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    remove parental control for movies

    This is a discussion on remove parental control for movies within the Sky Movies forums, part of the Sky TV Channels category; I do not see why adult households cannot have the option to remove a nugatory control....

    1. #11
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      Re: remove parental control for movies

      I do not see why adult households cannot have the option to remove a nugatory control.


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    3. #12
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      Re: remove parental control for movies

      Theres an option "PIN on Pre-Watershed Playback" which may or may not disable this I havent tried it myself though!

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    4. #13
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      Re: remove parental control for movies

      doesnt work

    5. #14
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      Re: remove parental control for movies

      I have just turned Parental control off again (Disabled) and I watched an 18 rated film this afternoon on Sky Anytime without being prompted for a pin number. I was wondering has the pin protection changed. Also has it worked for anyone else

    6. #15
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      Re: remove parental control for movies

      Interesting, that works for me too on Anytime, but if you try to watch a 15-18 rated movie on the normal menu, it requires a PIN.

      TomD


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    7. #16
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      Re: remove parental control for movies

      good way around it is to start recording a movie off the EPG and then go to the planner and start watching the recording.

      Hey presto no pin number required if you have set it up like this.
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    8. #17
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      Re: remove parental control for movies

      Quote Originally Posted by Undecided Adrian View Post
      good way around it is to start recording a movie off the EPG and then go to the planner and start watching the recording.

      Hey presto no pin number required if you have set it up like this.
      That doesn't work on mine, but even so, what is easier, starting to record then going to the planner and starting to watch, or simply keying in 1111 and starting to watch. Personally I don't see why putting in a PIN should be a problem, it only takes a second or so. If anyone is worried about wasting so little time, they should probably not be watching TV at all.

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    9. #18
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      Re: remove parental control for movies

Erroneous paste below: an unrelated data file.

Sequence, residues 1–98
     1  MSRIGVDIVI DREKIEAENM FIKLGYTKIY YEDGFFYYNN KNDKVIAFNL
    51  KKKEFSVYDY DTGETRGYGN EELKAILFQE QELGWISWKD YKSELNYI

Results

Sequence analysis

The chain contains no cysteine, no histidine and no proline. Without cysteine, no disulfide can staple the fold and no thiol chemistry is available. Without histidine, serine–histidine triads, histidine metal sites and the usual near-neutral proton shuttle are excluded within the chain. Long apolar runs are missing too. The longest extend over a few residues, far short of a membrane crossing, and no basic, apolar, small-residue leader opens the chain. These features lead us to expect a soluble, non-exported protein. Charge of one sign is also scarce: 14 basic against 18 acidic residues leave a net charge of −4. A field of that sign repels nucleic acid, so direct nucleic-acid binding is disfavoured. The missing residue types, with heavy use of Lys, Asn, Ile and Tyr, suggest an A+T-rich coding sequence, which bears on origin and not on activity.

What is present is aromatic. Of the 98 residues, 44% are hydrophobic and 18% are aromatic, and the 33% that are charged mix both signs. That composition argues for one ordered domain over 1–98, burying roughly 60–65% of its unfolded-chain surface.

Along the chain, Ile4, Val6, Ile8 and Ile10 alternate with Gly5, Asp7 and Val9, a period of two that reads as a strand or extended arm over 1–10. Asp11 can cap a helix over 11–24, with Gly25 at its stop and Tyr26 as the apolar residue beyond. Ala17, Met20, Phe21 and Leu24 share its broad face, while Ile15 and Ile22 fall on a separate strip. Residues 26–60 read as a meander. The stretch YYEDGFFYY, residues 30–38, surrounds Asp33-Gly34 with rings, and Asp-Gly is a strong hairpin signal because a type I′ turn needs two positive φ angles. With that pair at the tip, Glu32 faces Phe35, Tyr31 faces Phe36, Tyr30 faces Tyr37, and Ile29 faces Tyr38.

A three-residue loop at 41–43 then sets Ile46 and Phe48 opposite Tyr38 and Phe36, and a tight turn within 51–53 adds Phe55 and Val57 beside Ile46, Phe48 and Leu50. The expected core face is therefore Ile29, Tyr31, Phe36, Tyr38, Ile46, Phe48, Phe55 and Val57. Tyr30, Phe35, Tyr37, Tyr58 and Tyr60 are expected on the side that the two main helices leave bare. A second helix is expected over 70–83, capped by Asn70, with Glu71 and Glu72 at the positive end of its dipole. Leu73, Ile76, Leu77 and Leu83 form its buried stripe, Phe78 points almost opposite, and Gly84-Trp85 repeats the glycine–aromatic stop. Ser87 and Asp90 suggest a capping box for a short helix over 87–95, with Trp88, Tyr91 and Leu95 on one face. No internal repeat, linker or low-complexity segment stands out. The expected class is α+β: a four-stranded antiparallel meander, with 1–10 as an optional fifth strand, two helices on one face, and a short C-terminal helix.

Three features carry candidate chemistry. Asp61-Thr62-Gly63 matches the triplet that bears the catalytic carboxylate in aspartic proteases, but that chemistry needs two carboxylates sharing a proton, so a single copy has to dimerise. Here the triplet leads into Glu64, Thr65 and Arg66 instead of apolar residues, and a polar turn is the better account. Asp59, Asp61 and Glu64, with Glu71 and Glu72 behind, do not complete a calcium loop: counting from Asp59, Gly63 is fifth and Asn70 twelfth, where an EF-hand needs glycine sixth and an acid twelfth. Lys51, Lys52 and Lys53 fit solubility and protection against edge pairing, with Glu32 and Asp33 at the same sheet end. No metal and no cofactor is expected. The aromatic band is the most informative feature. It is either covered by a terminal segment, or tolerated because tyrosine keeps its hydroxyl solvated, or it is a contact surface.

Hi Adrian all I did was to watch a 18 film and it started without asking for the pin. But tried below
      I thought I would try again this time I tried a Sky 1 last part of Sleepy Head and that ask for the pin. So I wonder is it some will and some will not.

    10. #19
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      Re: remove parental control for movies

      I find it annoying also, but to be totally honest, anyone that has time to come on here surely has time to type 4 digits in on a remote ?

      I got sky today, but I was a sky customer maybe 10 years ago, so decided to take the plunge again due to more movie channels available today ect.... Back when I had it last, there was a handful of movie channels, I did like the old system mind when you could make a one off payment of about 290 or their about's.....

    11. #20
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      Re: remove parental control for movies

      Over here, there was always complaints about parents not liking what their kids had access to during the day on cable TV, actually; it's been parents for *years* refusing the responsibility and making the government control content. They don't want their watching this or that; so they complain rather than do any parenting. We don't have a watershed per say like you do over there; we do have a time in which content regulations are lessened; but they only apply to FTA broadcast channels over here and are STILL much more restrictive. You will *NEVER* hear the f-word uttered on broadcast TV unless it's a "fleeting expletive" from a live event that missed the censorship delay. So the parents, rather than parenting did what they did best; abandoned the kids and started a campaign to get TV cleaned up and censored. They formed an organization and have lobbyists trying fighting for stricter content laws and more censorship. I looked...lobbying means the same thing in both of our governmental systems; the only difference is I'm sure our lobbyists are usually more corrupt and are trying to convince lawmakers to go along with some deregulation or something that's good for business and bad for consumers. But, either way, these parents formed organizations who began media campaigns against TV and manged to get some lobbyists in the door. The reason they're hated is because of their aggressive campaigning and the fact most people see them as "lazy parents wanting the government to babysit the kids rather than doing it themselves." Lots of groups attempt to counter-act the laws, saying the violate free speech and are turning things in to a Nanny State, rather than requiring the parents to take some responsibility. Of course, in reality; it's actually a very small number of parents who want to ruin TV in this way; but sadly they're the ones that manage to scream overtop of the millions of others who have no issue.